BNM’s plans to boost onshore market liquidity and accessibility is expected to mitigate a key risk facing the ringgit, says analyst
by MARK RAO / pic by MUHD AMIN NAHARUL
THE ringgit dropped last Friday after a temporary respite a day earlier from the better than expected first-quarter (1Q) economic figures and higher crude oil prices which halted the currency’s seven-day slide.
The local unit shed 0.24% last Friday to close at RM4.174 against the greenback after a strong comeback last Thursday when the central bank announced a resilient GDP number.
Opening at RM4.17 against the US dollar last Thursday, the local unit strengthened towards the RM4.15 mark shortly after Bank Negara Malaysia (BNM) announced a 4.5% GDP growth for the first three months of 2019.
The print was largely within or above most research houses’ expectations, and traders were positive on the numbers which indicated a resilient domestic economy despite mounting external risks.
Oanda Corp senior market analyst for Asia Pacific Jeffrey Halley said traders were possibly expecting a weaker GDP print, thus fuelling initial buying demand for the Malaysian currency.
“The rally in the ringgit looks very much like a knee-jerk reaction into a thin liquidity market. Government finances will remain potentially pressured going forward as they have not replaced the projected income from the abortive Goods and Services Tax,” he told The Malaysian Reserve.
Consequently, Malaysia’s domestic economy may not be as resilient as the headline number suggests, he said.
FXTM market analyst Han Tan was more positive on the numbers, writing that Malaysia’s better than expected 1Q19 GDP underscores the resilience of its economic fundamentals.
The resilience is justifiable on the background of broader emerging markets contending with external downside risks which include cooling global growth and tepid economic data from key economies such as the US and China, he said.
Han said BNM’s plans to boost onshore market liquidity and accessibility is expected to mitigate a key risk facing the ringgit, namely the FTSE Russell dropping Malaysian bonds from its global benchmark index, which has weighed on the currency’s performance over the past month.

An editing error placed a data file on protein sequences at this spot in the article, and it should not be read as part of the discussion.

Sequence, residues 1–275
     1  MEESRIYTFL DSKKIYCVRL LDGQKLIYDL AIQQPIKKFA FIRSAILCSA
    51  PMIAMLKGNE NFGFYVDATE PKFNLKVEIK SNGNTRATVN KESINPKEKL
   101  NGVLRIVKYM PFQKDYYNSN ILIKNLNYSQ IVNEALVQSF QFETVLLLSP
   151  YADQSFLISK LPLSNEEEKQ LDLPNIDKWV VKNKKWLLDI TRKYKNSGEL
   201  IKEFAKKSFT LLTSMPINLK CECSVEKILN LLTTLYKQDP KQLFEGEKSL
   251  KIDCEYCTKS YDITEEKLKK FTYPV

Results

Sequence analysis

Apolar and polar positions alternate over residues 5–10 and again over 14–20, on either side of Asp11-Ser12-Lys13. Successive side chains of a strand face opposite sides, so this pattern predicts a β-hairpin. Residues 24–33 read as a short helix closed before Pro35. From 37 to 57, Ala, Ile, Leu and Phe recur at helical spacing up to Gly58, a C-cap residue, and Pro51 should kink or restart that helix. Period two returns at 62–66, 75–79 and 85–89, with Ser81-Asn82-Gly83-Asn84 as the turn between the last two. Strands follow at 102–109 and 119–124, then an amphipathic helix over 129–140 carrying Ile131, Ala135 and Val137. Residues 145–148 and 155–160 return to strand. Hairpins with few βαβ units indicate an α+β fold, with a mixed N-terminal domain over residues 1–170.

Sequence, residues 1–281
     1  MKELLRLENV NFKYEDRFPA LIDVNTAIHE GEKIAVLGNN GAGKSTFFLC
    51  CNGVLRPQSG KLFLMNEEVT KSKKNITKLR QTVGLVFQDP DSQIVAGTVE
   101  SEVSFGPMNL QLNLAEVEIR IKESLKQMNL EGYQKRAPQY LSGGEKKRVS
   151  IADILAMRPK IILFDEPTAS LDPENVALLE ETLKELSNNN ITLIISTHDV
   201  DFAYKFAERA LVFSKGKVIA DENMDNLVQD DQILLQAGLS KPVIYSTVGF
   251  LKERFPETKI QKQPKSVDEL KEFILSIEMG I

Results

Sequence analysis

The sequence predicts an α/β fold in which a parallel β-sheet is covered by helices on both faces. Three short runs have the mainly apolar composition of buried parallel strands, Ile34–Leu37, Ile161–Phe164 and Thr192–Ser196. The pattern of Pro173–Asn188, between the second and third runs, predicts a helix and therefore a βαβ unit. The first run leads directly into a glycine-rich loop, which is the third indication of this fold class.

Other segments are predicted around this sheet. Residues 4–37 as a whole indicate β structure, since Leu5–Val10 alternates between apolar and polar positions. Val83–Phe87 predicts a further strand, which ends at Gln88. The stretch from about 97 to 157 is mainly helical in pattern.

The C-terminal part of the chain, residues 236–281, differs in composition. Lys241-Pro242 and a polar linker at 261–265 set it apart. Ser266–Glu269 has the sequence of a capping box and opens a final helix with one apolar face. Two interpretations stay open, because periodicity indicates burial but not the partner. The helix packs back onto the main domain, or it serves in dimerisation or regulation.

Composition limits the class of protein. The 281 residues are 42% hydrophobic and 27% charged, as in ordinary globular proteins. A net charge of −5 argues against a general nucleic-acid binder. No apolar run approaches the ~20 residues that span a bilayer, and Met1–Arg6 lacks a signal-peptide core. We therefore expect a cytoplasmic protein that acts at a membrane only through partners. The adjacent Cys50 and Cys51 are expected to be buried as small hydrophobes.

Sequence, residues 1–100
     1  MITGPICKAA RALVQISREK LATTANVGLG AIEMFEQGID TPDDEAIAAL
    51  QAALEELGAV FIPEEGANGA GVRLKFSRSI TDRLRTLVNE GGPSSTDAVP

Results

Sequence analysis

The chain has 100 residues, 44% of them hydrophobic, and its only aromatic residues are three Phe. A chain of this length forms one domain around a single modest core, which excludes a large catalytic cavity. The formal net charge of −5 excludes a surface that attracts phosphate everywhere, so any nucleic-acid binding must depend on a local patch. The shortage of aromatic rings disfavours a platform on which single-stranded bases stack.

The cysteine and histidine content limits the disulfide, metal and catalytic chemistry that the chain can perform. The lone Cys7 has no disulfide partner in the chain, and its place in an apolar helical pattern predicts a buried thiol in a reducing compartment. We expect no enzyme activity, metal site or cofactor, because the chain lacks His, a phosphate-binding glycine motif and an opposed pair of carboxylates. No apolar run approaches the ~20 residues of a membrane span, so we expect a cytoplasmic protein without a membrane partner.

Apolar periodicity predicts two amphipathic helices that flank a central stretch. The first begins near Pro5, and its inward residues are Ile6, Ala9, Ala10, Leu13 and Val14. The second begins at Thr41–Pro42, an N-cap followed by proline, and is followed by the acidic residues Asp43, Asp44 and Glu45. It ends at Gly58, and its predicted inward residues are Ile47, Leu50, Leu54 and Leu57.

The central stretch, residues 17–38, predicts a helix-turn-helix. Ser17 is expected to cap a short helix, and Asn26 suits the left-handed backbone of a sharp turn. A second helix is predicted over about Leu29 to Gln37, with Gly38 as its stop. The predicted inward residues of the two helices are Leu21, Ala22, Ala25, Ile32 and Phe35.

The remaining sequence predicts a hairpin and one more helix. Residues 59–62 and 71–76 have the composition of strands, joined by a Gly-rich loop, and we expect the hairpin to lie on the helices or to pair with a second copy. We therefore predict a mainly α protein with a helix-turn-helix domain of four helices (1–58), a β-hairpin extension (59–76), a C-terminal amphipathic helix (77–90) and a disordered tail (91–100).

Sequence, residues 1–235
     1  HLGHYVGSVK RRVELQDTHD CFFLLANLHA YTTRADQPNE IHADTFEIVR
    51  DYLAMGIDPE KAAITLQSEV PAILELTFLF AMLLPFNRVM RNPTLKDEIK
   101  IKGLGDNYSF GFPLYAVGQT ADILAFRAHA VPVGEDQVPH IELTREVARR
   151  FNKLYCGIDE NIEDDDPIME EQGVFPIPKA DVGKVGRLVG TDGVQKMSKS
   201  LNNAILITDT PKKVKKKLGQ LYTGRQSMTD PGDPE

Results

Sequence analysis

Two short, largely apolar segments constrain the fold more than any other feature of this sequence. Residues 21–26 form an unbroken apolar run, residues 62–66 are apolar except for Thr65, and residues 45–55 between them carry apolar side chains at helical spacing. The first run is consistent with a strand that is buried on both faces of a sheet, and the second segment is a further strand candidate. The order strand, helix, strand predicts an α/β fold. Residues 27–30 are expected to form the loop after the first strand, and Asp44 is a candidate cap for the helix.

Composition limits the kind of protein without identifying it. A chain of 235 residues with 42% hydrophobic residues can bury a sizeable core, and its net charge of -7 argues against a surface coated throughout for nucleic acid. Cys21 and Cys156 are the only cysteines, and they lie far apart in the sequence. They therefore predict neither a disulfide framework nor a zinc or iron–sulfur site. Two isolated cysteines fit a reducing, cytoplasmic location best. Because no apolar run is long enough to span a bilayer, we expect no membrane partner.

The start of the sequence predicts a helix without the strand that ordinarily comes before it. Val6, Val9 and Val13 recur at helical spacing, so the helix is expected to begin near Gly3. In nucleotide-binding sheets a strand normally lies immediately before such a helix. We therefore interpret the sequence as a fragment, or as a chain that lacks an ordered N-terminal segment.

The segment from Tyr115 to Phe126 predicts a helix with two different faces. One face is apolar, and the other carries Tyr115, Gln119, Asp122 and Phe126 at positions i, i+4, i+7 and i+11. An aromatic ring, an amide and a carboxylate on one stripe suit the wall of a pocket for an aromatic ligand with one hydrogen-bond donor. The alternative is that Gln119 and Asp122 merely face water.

“Moving forward, as BNM’s initiatives take hold, I expect the ringgit to remain supported by Malaysia’s economic fundamentals, buffered by an accommodative monetary policy stance.
“(This is) even as Malaysia, along with other Asian economies, contends with moderating global growth trajectory, heightened uncertainties over the US-China trade ties and the resilient US dollar,” he wrote in a research note yesterday.
Malaysia’s economy as measured by GDP came in at 4.5% in 1Q19, bolstered by domestic demand (predominantly from private consumption) and the recovery in agro-based production, but offset by weaker investment activities.
The US-China trade war hit new highs after Washington announced plans to blacklist China’s technology giant Huawei Technologies Co Ltd from selling its products in the US. The move came after the US slapped a 25% tariff on products worth US$200 billion (RM836 billion) from China.
Beijing had warned that it would take the “necessary measures” to protect the interests of its companies.
US President Donald Trump’s decision to sign an executive order putting the country’s telecommunication sector under “national emergency” means all transactions will require the approval from Washington.
Trump’s action, believed to be targeting Huawei and other China’s tech firms which make and sell cheaper systems, sent equity markets around the world tumbling last Thursday and Friday. China was among the worst hit by the measure.
Halley said the failure of the US-China trade talks to reach a resolution would result in a steeper slowdown in the world economy.
“A slowdown in China would be harmful to the ringgit and other regional currencies dependent on China for their primary and intermediate exports,” he said.
Consequently, the direction of the ringgit will largely be influenced by how Malaysia responds to and manages a breakdown in global trade.